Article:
However, if you want to avoid the expensive fees and have more control over your business, here’s where to look.
Be visible on Facebook
Facebook is a social network where you stay connected with friends and families, but for some, it’s a good place to build professional relationships.
Like Shirley, an email marketing strategist who found her first big break in this social media channel.
Rather, it was her client who reached out to her first.
Thanks to her optimized profile, Ralph Layco, a Filipino entrepreneur and influencer who founded New Bold University noticed her.
It took a lot of courage for her to accept the challenge. At that time, she was thinking, “We are just beginners, can we do this? We need to complete this in 2-weeks time, kakayanin ba? But we are grateful that we are part of the Tribe.
Because our mindset has changed.”
Good thing that she stepped up and worked on the project with her sister.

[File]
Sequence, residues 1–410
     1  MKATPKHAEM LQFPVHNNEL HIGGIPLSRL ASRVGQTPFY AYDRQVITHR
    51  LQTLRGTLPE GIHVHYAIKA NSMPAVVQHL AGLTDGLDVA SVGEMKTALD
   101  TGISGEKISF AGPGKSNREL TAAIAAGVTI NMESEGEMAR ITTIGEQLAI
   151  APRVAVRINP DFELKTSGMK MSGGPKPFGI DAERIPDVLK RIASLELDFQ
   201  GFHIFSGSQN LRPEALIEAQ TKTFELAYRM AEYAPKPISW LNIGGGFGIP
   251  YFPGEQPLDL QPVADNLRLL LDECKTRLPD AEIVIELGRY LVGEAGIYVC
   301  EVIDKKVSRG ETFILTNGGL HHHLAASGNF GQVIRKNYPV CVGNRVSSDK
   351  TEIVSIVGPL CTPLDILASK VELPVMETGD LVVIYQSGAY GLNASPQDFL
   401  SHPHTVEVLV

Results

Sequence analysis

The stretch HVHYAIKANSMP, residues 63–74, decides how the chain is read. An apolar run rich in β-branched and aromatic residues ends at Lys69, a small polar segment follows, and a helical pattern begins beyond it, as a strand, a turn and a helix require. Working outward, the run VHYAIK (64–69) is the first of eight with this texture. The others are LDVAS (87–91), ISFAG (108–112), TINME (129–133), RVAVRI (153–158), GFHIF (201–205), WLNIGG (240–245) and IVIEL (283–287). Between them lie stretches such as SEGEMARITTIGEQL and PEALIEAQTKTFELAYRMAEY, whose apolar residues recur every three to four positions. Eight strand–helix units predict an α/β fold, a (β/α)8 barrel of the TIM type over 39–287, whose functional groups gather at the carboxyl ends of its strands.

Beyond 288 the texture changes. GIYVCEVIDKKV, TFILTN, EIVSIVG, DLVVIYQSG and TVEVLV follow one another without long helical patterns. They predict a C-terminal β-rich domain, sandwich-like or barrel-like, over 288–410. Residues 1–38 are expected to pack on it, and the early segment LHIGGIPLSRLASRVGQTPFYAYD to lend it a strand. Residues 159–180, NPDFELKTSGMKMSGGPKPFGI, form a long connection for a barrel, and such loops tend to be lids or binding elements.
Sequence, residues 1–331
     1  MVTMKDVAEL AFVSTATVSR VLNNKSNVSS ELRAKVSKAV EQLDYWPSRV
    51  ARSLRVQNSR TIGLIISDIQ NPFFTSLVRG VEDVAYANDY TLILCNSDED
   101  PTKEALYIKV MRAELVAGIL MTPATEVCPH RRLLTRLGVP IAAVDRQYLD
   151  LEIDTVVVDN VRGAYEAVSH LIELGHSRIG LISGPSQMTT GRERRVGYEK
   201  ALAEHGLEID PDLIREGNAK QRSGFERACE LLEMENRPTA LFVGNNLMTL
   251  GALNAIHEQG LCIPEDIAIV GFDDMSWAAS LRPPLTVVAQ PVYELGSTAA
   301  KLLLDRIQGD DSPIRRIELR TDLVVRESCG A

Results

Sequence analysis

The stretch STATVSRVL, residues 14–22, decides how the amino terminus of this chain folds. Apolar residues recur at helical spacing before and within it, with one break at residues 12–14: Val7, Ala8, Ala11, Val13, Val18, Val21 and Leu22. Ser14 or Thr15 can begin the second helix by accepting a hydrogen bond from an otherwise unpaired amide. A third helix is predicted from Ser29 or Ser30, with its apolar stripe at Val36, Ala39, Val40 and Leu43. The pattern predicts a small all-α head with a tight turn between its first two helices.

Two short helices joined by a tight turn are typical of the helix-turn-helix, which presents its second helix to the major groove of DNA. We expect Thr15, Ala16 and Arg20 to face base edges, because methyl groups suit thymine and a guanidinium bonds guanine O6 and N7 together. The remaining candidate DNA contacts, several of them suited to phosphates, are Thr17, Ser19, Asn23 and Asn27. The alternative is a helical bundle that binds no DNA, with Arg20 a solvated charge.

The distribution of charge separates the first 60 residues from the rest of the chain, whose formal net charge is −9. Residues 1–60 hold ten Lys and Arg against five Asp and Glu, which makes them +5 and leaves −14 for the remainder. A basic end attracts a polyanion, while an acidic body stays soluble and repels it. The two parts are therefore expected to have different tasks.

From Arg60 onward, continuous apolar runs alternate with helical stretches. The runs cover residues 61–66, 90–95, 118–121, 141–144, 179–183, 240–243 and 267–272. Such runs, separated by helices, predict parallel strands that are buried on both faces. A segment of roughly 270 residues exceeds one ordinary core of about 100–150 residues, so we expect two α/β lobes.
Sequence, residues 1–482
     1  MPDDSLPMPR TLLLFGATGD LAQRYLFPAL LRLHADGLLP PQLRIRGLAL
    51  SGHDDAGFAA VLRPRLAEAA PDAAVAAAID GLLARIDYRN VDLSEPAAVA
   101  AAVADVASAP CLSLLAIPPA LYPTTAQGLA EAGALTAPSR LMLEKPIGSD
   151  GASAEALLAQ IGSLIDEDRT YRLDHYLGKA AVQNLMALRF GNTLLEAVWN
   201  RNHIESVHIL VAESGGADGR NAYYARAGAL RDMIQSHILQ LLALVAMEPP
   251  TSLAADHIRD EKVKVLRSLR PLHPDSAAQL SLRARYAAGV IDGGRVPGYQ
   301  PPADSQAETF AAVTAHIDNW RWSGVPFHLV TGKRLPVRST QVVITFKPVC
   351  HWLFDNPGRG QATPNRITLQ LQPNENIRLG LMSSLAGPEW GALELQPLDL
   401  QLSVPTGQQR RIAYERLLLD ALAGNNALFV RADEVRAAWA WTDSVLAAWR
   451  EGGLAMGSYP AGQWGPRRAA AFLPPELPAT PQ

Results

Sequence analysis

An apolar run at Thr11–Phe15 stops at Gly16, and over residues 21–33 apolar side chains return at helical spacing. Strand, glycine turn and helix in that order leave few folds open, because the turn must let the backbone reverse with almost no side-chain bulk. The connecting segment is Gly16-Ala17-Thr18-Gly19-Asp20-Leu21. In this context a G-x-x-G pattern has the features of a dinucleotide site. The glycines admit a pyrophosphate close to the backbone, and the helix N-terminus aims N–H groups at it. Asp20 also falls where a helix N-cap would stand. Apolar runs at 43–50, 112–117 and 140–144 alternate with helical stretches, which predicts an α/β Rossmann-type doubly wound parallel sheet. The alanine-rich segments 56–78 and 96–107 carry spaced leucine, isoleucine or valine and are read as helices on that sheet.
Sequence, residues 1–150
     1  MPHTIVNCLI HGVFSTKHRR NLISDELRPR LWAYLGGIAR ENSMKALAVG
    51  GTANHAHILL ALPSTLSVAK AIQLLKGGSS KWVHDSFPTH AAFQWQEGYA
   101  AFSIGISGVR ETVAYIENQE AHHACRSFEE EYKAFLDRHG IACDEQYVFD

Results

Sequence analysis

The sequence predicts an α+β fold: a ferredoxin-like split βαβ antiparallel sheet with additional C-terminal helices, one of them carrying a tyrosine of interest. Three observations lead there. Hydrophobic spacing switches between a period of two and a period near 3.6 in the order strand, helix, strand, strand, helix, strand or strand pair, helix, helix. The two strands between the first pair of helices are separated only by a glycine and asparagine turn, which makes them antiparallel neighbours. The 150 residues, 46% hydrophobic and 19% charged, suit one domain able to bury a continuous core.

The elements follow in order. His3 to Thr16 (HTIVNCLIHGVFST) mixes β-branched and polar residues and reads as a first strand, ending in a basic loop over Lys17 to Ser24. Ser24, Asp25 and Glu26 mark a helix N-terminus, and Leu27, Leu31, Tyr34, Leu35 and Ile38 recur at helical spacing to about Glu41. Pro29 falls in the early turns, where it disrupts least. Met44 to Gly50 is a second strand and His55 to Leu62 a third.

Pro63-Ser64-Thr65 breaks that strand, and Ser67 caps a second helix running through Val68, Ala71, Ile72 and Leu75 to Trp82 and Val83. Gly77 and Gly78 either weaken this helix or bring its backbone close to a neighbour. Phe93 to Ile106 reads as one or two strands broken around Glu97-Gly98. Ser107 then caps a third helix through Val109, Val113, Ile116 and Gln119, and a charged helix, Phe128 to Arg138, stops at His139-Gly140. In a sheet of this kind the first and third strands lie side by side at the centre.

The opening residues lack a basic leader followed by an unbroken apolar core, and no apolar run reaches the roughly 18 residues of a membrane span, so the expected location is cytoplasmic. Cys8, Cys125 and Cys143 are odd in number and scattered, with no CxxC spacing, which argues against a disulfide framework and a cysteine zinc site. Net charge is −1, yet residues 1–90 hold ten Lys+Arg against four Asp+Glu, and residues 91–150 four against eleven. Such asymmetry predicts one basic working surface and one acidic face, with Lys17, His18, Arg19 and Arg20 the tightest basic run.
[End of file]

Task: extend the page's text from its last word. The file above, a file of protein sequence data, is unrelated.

Now, she’s proud to take on new clients because she was able to help Ralph get over 70 students in the first launch and she has this testimonial to back her up.
Find out what you’re good at
Another common thing that stops most people from giving freelancing a try is that they feel they’re not good at English.
They stutter when they speak, especially when it’s with strangers.
They’re introverts, they’d say.
And they’d altogether stop and think that freelancing is not for me.
But one hardcore introvert here closes $1,500 deals without sending proposals and hopping on calls.
His name’s Arvin and here’s how this email copywriter does this.
Start with your business-savvy friends
Still hesitant to approach strangers and offer up your services?
Start with your friends who sell life insurance, run a restaurant, or have an online store. There must be something that they need help with.
When Adjoie helped her financial advisor friend optimize her Facebook ads, her friend started getting inquiries in less than 24 hours.
Not only that, but she was also able to validate her services and prove to herself that she can get results.
You have more prospects than you think.
As Michael Kearns, VP Enterprise for Toptal puts it,